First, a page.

For each URL u, the authority score determined by the exemplary implementations above may be used to rank the results to a user query (e.g., at stage 210).
Exemplary Computing Arrangement
Numerous other general purpose or special purpose computing system environments or configurations may be used. Examples of well known computing systems, environments, and/or configurations that may be suitable for use include, but are not limited to, PCs, server computers, handheld or laptop devices, multiprocessor systems, microprocessor-based systems, network PCs, minicomputers, mainframe computers, embedded systems, distributed computing environments that include any of the above systems or devices, and the like.
Computer-executable instructions, such as program modules, being executed by a computer may be used. Generally, program modules include routines, programs, objects, components, data structures, etc. that perform particular tasks or implement particular abstract data types. Distributed computing environments may be used where tasks are performed by remote processing devices that are linked through a communications network or other data transmission medium. In a distributed computing environment, program modules and other data may be located in both local and remote computer storage media including memory storage devices.
With reference to
Computing device 400 may have additional features/functionality. For example, computing device 400 may include additional storage (removable and/or non-removable) including, but not limited to, magnetic or optical disks or tape. Such additional storage is illustrated in
Computing device 400 typically includes a variety of computer readable media. Computer readable media can be any available media that can be accessed by device 400 and include both volatile and non-volatile media, and removable and non-removable media.
Computer storage media include volatile and non-volatile, and removable and non-removable media implemented in any method or technology for storage of information such as computer readable instructions, data structures, program modules or other data. Memory 404, removable storage 408, and non-removable storage 410 are all examples of computer storage media. Computer storage media include, but are not limited to, RAM, ROM, electrically erasable program read-only memory (EEPROM), flash memory or other memory technology, CD-ROM, digital versatile disks (DVD) or other optical storage, magnetic cassettes, magnetic tape, magnetic disk storage or other magnetic storage devices, or any other medium which can be used to store the desired information and which can be accessed by computing device 400. Any such computer storage media may be part of computing device 400.
Computing device 400 may contain communications connection(s) 412 that allow the device to communicate with other devices. Computing device 400 may also have input device(s) 414 such as a keyboard, mouse, pen, voice input device, touch input device, etc. Output device(s) 416 such as a display, speakers, printer, etc. may also be included. All these devices are well known in the art and need not be discussed at length here.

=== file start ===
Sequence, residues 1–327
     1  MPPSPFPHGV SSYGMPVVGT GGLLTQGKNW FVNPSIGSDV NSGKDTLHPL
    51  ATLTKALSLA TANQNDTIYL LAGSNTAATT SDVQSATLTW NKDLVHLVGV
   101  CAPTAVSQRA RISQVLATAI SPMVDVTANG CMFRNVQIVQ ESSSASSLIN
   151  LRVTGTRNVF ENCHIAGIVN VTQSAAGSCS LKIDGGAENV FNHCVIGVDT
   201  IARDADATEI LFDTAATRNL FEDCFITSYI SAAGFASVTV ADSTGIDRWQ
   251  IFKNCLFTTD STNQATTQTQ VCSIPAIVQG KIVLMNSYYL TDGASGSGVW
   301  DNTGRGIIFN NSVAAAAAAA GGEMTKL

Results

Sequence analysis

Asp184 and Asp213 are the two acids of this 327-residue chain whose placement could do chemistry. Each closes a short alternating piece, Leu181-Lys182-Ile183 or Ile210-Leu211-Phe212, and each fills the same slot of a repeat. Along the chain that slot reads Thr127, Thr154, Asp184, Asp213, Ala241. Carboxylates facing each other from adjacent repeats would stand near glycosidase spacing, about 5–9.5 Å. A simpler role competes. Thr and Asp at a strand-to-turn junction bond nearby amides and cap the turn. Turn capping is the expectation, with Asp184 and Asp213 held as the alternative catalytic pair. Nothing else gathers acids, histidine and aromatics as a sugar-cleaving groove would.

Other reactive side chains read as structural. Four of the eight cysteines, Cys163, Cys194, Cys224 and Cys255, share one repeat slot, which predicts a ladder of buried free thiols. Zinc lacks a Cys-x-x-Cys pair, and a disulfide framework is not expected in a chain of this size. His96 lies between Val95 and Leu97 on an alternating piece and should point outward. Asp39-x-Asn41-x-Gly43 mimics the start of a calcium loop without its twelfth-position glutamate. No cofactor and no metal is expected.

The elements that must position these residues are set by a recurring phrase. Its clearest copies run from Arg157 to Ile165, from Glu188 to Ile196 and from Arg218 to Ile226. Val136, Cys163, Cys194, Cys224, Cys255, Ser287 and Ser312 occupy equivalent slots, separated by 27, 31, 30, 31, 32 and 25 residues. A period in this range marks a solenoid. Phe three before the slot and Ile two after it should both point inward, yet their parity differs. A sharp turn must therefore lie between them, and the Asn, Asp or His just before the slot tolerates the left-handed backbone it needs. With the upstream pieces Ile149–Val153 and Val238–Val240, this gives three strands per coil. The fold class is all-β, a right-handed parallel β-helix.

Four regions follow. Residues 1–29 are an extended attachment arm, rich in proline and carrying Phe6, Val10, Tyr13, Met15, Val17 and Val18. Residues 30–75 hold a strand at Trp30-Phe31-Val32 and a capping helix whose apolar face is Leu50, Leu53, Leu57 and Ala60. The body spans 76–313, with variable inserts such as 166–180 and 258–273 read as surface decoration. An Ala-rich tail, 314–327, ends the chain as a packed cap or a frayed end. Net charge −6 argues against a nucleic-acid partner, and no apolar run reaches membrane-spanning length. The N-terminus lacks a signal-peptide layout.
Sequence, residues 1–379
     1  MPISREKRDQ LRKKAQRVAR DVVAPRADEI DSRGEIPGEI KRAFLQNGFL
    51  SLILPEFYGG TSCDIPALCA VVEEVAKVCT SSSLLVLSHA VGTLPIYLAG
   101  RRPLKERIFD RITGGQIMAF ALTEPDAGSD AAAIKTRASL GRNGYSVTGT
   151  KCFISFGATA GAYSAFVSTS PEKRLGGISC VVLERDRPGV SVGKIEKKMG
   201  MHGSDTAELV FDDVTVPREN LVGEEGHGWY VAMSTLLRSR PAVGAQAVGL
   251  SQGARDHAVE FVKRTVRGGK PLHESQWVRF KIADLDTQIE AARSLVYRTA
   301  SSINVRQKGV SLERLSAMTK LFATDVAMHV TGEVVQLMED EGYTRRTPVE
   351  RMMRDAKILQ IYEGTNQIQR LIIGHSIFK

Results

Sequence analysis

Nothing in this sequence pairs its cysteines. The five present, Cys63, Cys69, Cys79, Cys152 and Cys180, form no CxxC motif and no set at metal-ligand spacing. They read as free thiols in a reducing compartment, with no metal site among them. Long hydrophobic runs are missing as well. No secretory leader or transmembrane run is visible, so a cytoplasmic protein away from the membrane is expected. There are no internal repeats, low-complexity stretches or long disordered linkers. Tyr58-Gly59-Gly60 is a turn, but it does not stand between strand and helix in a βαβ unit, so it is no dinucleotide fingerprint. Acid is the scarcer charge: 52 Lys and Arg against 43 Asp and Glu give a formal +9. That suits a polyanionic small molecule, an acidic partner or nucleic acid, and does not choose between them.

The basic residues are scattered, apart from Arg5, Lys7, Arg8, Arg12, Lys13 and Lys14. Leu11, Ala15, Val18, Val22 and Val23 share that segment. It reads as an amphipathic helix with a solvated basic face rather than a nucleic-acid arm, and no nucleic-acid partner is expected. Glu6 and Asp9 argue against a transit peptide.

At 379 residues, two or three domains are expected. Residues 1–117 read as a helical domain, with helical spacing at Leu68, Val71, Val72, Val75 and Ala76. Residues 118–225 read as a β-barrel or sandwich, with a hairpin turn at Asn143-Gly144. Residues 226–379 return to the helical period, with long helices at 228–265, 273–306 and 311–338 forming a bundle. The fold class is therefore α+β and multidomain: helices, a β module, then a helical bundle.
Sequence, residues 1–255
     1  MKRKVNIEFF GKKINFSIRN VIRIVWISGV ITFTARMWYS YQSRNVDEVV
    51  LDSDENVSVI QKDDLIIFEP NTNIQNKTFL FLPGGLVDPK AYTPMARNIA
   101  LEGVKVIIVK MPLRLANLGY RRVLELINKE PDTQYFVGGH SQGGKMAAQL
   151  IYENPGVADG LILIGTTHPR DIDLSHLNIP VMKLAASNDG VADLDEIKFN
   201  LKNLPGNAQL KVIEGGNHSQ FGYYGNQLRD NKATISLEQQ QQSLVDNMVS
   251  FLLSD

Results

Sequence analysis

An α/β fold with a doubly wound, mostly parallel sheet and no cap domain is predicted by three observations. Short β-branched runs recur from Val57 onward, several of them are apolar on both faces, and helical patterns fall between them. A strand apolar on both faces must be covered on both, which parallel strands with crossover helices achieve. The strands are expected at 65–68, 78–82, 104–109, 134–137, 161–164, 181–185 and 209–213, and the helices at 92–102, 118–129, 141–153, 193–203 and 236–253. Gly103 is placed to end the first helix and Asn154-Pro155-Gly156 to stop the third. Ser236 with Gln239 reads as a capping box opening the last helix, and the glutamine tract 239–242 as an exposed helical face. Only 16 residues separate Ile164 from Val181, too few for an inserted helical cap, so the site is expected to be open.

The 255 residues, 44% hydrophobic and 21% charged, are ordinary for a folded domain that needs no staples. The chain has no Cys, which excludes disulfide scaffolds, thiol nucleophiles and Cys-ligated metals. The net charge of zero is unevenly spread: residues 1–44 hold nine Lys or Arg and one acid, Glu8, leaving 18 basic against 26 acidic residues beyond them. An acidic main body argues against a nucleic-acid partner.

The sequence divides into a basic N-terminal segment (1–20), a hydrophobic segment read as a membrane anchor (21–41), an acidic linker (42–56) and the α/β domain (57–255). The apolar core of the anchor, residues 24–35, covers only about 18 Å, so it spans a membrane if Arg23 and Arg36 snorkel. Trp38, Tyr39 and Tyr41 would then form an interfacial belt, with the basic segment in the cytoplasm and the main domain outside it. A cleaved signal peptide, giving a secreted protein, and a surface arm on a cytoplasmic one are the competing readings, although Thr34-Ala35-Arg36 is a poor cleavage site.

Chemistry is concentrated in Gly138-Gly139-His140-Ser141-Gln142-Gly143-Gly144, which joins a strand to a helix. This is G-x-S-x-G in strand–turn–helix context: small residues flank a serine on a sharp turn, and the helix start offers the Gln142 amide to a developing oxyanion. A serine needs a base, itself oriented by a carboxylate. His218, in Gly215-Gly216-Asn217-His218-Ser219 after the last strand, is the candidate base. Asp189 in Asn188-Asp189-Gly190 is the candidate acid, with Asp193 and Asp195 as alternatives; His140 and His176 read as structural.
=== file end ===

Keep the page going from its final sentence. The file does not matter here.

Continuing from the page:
It should be understood that the various techniques described herein may be implemented in connection with hardware or software or, where appropriate, with a combination of both. Thus, the methods and apparatus of the presently disclosed subject matter, or certain aspects or portions thereof, may take the form of program code (i.e., instructions) embodied in tangible media, such as floppy diskettes, CD-ROMs, hard drives, or any other machine-readable storage medium where, when the program code is loaded into and executed by a machine, such as a computer, the machine becomes an apparatus for practicing the presently disclosed subject matter.
Although exemplary implementations may refer to utilizing aspects of the presently disclosed subject matter in the context of one or more stand-alone computer systems, the subject matter is not so limited, but rather may be implemented in connection with any computing environment, such as a network or distributed computing environment. Still further, aspects of the presently disclosed subject matter may be implemented in or across a plurality of processing chips or devices, and storage may similarly be affected across a plurality of devices. Such devices might include PCs, network servers, and handheld devices, for example.
Although the subject matter has been described in language specific to structural features and/or methodological acts, it is to be understood that the subject matter defined in the appended claims is not necessarily limited to the specific features or acts described above. Rather, the specific features and acts described above are disclosed as example forms of implementing the claims.